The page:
No one could have dreamed how the Gospel would reach the ends of the earth. Here’s how it happened. The Holy Spirit (disguised as an angel?) said to Philip, “’Go south to the road—the desert road—that goes down from Jerusalem to Gaza.” Do an about face. Leave the flourishing church in Samaria and head to the badlands of the wilderness. Which Philip does immediately and without question.
And it just so happened that “on his way he met an Ethiopian eunuch, an important official in charge of all the treasury of Candace, queen of the Ethiopians.” And it just so happened that this man was returning from Jerusalem where he had gone to worship. And it just so happened that he had a copy of Isaiah’s prophecy for his travel reading. And it just so happened that he was reading that part where Isaiah talks about the silence of a lamb who was slain. No, this didn’t just happen. It was all arranged by the Spirit, who says to Philip, “Go to that chariot and stay near it.”
What a perfect example of God knowing what he’s doing, even when we don’t. Jesus had said, go the “ends of the earth.” That’s exactly how the Greeks and Romans saw Ethiopia (cf. Homer’s Odyssey), which was probably what we call northern Sudan today. Which means that this man was black; indeed, in the Greek, “Ethiopian” means “burnt or black.” Further, he was an important official, meaning that he would have access to the corridors of power back home. He was an important African man.
But he was also a devotee of the Jewish religion. That’s why he had just journeyed all the way to Jerusalem to participate in a Jewish feast. His light reading for the trip was a large scroll of Isaiah. He was a deeply devout proselyte, a “God fearer.” Sadly, he was also a eunuch, which meant that he was legally excluded from the Temple. He was, in spite of his piety, an “outcast of Israel.” Both an important African and a devotee of Judaism who was excluded from its holiest place, he was the perfect choice to be the first non-Jew to hear the Gospel.
The Holy Spirit made sure he heard it and believed it. At the Spirit’s explicit command, Philip ran up to the chariot and asks exactly the right question. “Do you understand what you are reading?” Now, this important official might have blown off this lone figure sweating in the desert heat. But he responds with the very kind of question asked by the crowd at Pentecost, a question that indicates a Spirit-produced openness. “How can I unless someone explains it to me?”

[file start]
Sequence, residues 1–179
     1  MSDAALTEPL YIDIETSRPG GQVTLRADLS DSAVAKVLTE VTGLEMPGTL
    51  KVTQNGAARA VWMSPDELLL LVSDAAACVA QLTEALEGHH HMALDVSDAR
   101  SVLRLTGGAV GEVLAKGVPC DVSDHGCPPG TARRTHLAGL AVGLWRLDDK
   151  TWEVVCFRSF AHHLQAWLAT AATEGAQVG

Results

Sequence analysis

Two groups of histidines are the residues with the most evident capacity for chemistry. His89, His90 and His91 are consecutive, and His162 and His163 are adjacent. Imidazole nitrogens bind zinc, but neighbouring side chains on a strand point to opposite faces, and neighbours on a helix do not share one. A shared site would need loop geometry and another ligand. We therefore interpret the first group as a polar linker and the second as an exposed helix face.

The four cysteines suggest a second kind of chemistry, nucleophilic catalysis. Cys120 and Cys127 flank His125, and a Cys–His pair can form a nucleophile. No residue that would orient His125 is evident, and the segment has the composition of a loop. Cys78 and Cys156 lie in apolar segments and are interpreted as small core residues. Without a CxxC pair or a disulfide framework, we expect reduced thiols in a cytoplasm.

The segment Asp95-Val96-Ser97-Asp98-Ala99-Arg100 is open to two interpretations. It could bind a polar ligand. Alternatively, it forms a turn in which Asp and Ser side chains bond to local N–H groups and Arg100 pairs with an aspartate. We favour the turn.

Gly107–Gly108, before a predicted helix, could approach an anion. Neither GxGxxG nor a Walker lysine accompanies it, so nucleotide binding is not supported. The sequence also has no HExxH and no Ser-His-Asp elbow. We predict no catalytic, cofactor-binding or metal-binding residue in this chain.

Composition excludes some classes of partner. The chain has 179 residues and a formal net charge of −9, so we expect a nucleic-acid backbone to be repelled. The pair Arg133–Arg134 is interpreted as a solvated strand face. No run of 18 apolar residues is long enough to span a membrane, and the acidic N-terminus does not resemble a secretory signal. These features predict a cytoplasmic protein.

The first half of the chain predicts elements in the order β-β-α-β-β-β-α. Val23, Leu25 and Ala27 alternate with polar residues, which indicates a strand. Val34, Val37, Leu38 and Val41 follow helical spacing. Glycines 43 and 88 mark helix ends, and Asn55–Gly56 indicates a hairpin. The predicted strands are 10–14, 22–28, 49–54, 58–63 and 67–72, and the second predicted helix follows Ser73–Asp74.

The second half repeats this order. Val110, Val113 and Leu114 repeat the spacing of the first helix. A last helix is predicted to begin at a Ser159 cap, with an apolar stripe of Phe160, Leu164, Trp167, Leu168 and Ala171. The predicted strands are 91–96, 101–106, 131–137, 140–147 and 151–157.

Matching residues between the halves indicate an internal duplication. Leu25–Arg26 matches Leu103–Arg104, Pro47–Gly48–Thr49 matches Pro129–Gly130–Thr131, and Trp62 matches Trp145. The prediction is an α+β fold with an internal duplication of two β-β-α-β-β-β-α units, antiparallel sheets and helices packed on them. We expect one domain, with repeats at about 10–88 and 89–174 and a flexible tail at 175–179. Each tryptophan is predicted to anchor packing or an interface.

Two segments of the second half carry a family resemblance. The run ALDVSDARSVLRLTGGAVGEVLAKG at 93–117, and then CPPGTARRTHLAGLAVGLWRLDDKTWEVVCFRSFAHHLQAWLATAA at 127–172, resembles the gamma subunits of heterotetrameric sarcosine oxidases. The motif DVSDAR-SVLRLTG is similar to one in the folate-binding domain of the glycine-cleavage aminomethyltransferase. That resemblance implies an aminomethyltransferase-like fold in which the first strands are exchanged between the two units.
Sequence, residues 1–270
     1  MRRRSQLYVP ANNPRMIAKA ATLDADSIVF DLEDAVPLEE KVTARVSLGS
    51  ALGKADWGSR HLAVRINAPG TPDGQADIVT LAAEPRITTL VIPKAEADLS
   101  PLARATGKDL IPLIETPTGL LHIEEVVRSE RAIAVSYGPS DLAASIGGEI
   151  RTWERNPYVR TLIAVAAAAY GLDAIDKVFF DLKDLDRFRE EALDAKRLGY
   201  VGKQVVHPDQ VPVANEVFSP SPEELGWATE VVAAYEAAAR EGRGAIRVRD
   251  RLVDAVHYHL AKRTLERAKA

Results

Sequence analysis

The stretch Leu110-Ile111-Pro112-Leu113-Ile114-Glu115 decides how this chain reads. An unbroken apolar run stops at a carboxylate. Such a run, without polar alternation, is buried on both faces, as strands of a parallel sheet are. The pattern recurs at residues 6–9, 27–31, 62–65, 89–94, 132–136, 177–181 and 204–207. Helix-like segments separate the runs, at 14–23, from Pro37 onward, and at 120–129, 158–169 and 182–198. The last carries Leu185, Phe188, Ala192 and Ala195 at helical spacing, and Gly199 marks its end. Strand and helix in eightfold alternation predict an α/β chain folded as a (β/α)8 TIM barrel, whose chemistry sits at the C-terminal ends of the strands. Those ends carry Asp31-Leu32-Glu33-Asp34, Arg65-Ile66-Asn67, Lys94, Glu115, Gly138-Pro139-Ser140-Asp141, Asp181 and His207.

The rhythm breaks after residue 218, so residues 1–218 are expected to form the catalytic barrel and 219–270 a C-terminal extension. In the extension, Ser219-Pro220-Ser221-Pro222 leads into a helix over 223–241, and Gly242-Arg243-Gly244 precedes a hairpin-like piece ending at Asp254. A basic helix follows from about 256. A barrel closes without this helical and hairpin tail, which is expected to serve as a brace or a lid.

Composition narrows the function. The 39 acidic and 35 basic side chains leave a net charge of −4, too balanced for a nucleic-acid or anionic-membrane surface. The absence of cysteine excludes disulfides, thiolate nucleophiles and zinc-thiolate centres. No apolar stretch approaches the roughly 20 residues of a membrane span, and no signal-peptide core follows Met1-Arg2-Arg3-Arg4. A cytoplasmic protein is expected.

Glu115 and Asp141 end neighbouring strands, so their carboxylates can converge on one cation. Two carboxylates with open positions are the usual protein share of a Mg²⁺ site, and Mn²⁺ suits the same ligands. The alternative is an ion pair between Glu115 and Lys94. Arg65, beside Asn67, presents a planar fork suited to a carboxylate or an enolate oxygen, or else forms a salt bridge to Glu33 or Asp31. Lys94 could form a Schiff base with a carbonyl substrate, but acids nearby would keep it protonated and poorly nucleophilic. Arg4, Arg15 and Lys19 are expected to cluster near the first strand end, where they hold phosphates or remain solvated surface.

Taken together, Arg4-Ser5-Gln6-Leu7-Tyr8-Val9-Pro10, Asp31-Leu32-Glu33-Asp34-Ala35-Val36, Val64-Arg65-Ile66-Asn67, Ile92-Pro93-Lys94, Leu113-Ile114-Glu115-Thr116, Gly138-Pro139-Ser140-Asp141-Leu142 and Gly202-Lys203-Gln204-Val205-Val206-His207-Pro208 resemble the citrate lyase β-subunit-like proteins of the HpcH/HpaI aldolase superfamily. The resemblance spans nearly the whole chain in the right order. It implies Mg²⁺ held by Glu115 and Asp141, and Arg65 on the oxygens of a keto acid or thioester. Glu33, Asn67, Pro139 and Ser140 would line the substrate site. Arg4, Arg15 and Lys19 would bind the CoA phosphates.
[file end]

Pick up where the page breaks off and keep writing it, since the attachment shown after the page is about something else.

Well, the Spirit had provided that someone in the person of Philip, who uses that mysterious passage from Isaiah 53 to tell the Ethiopian “the good news about Jesus.” There’s a subtle word play going on here. In Isaiah 53 the lamb did not open his mouth. Verse 35 of our text in the original says that Philip “opened his mouth,” which is an Old Testament way of saying that God was speaking through him. He opened his mouth and out came the Gospel, even though he wasn’t an apostle who had spent 3 years with Jesus. The Holy Spirit overcame his lack of credentials and training.
Clearly, the Holy Spirit opened the Ethiopian’s mind and heart as well, because the next thing we read in verse 36 is the man asking to be baptized. Verse 37, recorded in a footnote as the possible addition by a scrupulous scribe, has Philip asking if the man really believes, to which the man replies with a perfectly orthodox confession of faith. And just like that, the man was baptized and the gospel had reached one of the ends of the earth.
How do we know this was the Spirit’s doing? Because the passage begins with the Spirit’s word to Philip and it is shot through with explicit and implicit references to the Spirit and it ends with the Spirit mysteriously snatching Philip away and depositing him in Azotus (Ashdod in Philistine parlance). Rather than reacting with shock to this sudden disappearance, the newly converted Ethiopian “went on his way (back to Ethiopian) rejoicing (and witnessing as he had been witnessed to?).”